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ERIC Number: ED479175
Record Type: Non-Journal
Publication Date: 2003
Pages: 11
Abstractor: N/A
Reference Count: N/A
Rock Art and Radiance: Archaeology in the Public Domain as Life-Long Learning.
Ouzman, Sven
The re-invigoration of storytelling in academic and public spheres allows rock art to offer opportunities to various publics, of which archaeologists are part. But how exactly this process of archaeology as lifelong learning is to proceed is not always clear, particularly in the United States. Until the last half decade of the twentieth century, rock art as an archaeological research field within U.S. archaeology has had something of a Cinderella status. Perhaps the difficulty in age-determining the imagery has been an impediment. Perhaps the difficulty of excavating rock art has also hindered rock art's academic acceptance. Fortunately, this academic apartheid is waning and rock art is contributing strongly, primarily in terms of theory. Whatever the position of rock art research in the academic context, rock art has always figured prominently in the public imagination. This paper discusses rock art as a contested resource, presents a case study from South Africa, considers rock art and identity, and discusses rock art sites as nodes for tourism. (Contains 25 references and 8 figures.) (BT)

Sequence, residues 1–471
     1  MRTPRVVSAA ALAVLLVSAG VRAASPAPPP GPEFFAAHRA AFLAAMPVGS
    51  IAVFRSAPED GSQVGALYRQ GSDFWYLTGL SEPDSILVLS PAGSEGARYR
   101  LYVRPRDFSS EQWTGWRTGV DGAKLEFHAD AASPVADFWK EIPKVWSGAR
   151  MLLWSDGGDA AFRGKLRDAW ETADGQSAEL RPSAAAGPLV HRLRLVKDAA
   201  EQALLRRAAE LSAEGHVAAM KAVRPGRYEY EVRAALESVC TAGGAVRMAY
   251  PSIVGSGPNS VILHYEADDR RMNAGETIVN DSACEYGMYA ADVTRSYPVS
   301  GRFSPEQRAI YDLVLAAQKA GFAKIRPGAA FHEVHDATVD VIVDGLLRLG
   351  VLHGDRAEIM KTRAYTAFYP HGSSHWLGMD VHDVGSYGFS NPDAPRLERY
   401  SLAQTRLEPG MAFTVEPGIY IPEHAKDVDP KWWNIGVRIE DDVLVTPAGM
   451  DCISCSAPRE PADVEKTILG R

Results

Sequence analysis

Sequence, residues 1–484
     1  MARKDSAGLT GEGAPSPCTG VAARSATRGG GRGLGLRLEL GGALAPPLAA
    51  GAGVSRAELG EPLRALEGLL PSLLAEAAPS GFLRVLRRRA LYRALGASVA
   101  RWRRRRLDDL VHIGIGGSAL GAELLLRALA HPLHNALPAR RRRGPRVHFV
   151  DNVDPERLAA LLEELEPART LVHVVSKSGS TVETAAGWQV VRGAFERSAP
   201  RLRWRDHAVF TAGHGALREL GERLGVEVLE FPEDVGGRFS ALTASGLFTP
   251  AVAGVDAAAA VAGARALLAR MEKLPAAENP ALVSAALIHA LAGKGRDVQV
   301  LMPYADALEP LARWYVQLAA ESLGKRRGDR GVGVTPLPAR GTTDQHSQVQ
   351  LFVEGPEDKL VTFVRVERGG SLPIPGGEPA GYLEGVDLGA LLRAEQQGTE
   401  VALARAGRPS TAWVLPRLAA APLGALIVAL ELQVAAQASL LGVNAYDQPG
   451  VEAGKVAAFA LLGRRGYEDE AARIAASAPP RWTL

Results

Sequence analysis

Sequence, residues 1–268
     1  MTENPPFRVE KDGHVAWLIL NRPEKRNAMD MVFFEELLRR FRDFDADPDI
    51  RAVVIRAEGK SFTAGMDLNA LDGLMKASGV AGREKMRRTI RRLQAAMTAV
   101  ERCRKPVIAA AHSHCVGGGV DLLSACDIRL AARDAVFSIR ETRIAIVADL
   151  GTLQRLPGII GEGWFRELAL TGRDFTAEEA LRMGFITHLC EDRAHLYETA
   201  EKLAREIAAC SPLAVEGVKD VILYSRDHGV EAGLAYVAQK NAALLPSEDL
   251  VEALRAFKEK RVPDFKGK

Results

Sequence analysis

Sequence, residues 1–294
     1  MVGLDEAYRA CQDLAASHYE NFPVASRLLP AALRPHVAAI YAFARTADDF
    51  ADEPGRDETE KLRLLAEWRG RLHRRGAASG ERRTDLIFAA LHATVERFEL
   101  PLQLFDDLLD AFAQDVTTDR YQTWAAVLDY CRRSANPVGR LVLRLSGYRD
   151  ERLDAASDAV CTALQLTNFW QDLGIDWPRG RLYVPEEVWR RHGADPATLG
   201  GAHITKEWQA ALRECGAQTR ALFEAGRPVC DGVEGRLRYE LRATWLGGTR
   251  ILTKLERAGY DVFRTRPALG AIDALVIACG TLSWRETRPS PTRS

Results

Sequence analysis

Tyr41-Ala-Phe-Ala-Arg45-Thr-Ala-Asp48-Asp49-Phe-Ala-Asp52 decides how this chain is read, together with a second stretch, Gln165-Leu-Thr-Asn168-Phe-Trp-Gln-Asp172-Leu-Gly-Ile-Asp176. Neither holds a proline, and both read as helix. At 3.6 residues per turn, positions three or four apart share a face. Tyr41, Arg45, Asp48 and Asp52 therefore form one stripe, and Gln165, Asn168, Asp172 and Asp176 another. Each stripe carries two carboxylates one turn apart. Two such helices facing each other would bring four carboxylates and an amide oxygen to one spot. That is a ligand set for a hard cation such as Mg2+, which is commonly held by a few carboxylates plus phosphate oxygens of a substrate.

Publication Type: Opinion Papers; Speeches/Meeting Papers
Education Level: N/A
Audience: N/A
Language: English
Sponsor: N/A
Authoring Institution: N/A
Identifiers - Location: South Africa